“If I do not wash you, you have no share with me.”

Lord Jesus, if You don’t scrub me clean I remain burdened under the tyranny of my moral failings. Please wash away everything that makes me unclean in our Father’s sight and allow me to share in the salvation You have wrought, by the cross, for all Your people.

Jesus’ Legacy

Jesus, far more than any other person, has bequeathed to us the greatest legacy known to mankind: grace. It has transformed the world we live in. Jesus, by His life, death and resurrection, paved the way for His Father to treat  us far better than we deserve. Jesus set us free from an endless cycle of retaliatory behaviour, releasing us from the just law of: ‘An eye for an eye and tooth for a tooth.’ Instead, Jesus advocated the surprising response of blessing those who would harm us:

“But I say to you who hear, Love your enemies, do good to those who hate you, bless those who curse you, pray for those who abuse you. To one who strikes you on the cheek, offer the other also, and from one who takes away your cloak do not withhold your tunic either. Give to everyone who begs from you, and from one who takes away your goods do not demand them back. And as you wish that others would do to you, do so to them. – Luke 6:27-31 (ESV)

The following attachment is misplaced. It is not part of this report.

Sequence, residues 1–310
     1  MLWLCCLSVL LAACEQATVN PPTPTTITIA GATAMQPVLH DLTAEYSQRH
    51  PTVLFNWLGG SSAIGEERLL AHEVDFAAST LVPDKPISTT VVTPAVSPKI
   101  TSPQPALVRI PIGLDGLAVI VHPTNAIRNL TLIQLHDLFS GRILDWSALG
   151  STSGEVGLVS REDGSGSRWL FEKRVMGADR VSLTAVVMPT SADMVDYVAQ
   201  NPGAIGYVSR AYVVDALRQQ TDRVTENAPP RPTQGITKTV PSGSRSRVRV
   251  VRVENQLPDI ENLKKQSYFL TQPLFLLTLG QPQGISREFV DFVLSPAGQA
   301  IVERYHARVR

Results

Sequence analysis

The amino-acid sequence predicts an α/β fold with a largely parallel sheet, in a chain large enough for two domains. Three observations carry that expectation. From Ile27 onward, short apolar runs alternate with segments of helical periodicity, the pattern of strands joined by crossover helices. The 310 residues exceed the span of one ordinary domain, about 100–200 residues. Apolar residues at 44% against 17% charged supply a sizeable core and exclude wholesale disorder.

Jesus embodied this advice, leaving us an example to follow. Even as He hung God-forsaken on the cross, Jesus made intercession for the authors of His demise (in Luke 23:34):

“Father, forgive them, for they know not what they do.”

Lord Jesus, You have established a new way for the world to operate: grace. By Your unjust suffering and death You have shielded us from Your Father’s just retribution. At Your request, He forgives our ignorance. In appropriate response, enable us to overcome the desire to seek revenge. By Your Spirit, help us to live up to Your example of treating others better than they deserve.

Bridging a Divide

Another thing Paul demonstrated for us is love and service across a cultural divide. The Roman’s didn’t share the same heritage with Paul plus they had a different religious background, yet Paul still took the time to write to them and even laid (perhaps unfulfilled, at least as a free man) plans to visit them.

This is the reason why I have so often been hindered from coming to you. But now, since I no longer have any room for work in these regions, and since I have longed for many years to come to you, I hope to see you in passing as I go to Spain, and to be helped on my journey there by you, once I have enjoyed your company for a while. I know that when I come to you I will come in the fullness of the blessing of Christ. – Romans 15:22-24, 29

Maybe you feel like God is giving you a heart for mission elsewhere, don’t ignore that, foster it. Do you long to spend time with other Christians? Paul, the bloke who wrote much of the New Testament, looked forward to hanging out with ordinary Christians, regular folk like you and me.

It is also possible to hang out with other Christians but fail to have fellowship with them. The difference is the focus, our reason for meeting. For instance, Christians might attend the movies together, but if their focus isn’t on serving Jesus then there is no distinction between them and anybody else. On the other hand, we could go along with the purpose of loving one another and spurring each other on in Christ, transforming a simple thing like the movies into ‘churching’.